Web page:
I got on the plane in Phoenix, not crying as much anymore, but still moderately miserable, extremely exhausted, and feeling like a loser. I was embarrassed about my black eye and about not getting the win.
I flew all night, then drove to the hotel where the Air Force put up Joe and his unit for their two week tour.
A Crowne Plaza Hotel. Nice.
A room with a balcony looking at the ocean. Nice. (I’m sitting on it, as I write this).
Flowers waiting in the room that Joe bought for me before he left for work. Nice.
I took a three and a half hour nap. I needed that.
Joe was going to a dinner/BBQ the hotel threw for all the military guys the night I got there. I didn’t want to go. I had a black eye. I didn’t want to answer questions. I didn’t want to explain that I lost. I didn’t want the looks or the stares or the conversation at all. I didn’t want to hear the same old jokes about Joe abusing me or, “What did the other girl look like?” (Pretty good, actually).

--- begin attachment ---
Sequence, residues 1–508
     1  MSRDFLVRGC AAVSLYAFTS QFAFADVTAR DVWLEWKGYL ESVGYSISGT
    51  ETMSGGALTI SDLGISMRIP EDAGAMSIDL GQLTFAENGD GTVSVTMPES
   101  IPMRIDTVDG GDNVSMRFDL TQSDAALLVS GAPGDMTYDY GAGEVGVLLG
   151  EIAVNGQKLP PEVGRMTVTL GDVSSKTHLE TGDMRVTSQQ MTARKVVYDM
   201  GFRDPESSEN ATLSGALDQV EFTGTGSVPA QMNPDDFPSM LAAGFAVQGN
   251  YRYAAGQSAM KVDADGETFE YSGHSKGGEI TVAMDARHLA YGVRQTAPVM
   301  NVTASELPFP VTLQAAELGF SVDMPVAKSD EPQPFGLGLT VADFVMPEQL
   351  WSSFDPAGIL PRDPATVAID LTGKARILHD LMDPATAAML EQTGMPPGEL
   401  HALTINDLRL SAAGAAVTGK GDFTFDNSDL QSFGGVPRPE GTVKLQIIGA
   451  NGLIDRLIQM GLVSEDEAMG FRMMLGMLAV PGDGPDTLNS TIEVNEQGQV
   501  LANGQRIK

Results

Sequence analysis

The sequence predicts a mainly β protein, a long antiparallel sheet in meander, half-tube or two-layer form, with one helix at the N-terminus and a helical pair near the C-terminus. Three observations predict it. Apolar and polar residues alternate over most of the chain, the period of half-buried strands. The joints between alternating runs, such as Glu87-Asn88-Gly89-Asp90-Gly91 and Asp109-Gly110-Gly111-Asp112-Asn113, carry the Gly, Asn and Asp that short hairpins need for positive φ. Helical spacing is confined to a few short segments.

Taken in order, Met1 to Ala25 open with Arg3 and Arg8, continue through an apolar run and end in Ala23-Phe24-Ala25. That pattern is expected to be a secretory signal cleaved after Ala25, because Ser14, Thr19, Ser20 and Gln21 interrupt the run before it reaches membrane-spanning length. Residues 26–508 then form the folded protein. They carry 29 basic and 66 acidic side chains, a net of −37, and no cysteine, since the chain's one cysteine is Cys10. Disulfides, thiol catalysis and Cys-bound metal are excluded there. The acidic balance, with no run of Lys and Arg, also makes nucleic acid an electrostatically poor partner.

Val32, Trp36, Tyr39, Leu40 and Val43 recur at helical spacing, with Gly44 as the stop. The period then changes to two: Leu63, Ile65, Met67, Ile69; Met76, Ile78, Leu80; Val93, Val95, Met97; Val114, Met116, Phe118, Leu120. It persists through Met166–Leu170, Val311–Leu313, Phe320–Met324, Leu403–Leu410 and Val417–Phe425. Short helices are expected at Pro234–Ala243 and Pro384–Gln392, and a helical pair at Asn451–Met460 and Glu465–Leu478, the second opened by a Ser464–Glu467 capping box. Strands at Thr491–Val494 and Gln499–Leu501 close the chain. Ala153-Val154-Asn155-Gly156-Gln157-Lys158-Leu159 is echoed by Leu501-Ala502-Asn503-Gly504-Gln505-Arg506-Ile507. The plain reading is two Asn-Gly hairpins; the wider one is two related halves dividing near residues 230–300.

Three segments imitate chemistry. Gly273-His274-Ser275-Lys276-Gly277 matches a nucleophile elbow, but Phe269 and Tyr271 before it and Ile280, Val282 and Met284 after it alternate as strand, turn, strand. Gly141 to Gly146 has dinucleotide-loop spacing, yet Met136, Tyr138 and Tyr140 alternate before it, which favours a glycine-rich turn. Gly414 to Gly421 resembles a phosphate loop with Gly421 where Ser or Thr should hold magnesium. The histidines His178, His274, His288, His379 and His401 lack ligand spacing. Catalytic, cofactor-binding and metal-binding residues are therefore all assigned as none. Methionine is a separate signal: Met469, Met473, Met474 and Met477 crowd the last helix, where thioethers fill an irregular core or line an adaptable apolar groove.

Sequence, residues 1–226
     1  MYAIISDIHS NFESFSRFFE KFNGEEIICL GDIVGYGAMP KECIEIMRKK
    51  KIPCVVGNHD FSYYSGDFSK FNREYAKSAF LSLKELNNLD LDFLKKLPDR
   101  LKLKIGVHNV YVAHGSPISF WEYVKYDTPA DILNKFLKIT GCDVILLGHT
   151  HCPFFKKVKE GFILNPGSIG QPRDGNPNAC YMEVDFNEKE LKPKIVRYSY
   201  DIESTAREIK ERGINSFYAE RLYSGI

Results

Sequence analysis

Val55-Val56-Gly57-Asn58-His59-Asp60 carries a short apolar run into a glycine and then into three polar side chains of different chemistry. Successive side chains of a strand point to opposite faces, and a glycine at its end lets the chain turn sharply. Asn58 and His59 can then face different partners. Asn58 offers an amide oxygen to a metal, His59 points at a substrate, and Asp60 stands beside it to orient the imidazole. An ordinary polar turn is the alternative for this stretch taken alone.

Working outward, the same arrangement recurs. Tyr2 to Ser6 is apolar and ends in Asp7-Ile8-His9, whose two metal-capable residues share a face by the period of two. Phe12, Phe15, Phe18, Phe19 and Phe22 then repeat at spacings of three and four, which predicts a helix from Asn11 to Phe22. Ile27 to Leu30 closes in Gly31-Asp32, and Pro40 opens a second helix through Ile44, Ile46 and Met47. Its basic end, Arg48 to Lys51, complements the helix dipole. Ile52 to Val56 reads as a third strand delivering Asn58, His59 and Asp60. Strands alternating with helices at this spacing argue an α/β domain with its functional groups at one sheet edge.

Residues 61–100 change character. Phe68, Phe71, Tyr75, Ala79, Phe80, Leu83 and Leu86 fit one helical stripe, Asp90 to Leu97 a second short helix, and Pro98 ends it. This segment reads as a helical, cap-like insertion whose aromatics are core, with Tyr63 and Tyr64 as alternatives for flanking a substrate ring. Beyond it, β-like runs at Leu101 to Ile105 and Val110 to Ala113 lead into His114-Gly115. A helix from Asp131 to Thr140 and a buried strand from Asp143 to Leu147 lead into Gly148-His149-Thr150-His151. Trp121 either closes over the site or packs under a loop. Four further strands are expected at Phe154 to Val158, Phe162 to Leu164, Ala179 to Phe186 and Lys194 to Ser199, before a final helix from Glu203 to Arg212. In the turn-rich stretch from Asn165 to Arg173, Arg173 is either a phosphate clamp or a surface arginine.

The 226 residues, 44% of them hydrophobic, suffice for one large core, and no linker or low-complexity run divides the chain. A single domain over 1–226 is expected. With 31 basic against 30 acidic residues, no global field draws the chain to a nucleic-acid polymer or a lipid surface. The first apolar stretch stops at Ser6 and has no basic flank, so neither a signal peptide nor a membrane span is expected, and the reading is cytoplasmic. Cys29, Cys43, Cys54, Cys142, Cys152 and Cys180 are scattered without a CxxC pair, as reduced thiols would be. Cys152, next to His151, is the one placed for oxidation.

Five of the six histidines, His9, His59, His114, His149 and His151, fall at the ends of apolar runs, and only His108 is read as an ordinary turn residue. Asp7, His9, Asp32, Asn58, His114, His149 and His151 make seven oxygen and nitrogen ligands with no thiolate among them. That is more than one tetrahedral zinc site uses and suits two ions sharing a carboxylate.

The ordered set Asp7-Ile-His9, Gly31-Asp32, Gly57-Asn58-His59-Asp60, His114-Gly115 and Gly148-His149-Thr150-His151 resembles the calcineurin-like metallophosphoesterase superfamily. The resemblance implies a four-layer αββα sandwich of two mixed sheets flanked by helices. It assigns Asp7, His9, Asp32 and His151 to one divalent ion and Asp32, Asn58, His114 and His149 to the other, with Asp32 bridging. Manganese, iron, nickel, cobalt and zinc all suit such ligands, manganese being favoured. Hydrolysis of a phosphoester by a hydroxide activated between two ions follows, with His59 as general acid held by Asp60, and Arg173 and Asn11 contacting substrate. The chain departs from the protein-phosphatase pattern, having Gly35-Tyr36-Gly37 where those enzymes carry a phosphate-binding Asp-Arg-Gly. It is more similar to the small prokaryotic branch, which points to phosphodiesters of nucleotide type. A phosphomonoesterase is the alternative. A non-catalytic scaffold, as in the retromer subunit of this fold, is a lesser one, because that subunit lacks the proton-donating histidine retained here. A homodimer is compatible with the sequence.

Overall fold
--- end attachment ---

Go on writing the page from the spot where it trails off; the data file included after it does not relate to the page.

Joe really wanted me to go but I refused. I told him to text me if it wasn’t too bad down there, and prepared to order myself some room service.
He texted a few minutes later. The party was outside and I could just wear my sunglasses. He asked if I would please come down.
I put on my cheap sunglasses and my best fake smile (I’m terrible at faking anything) and met Joe in the lobby.
And you know what happened? I had a great time. And I haven’t stopped having a great time since.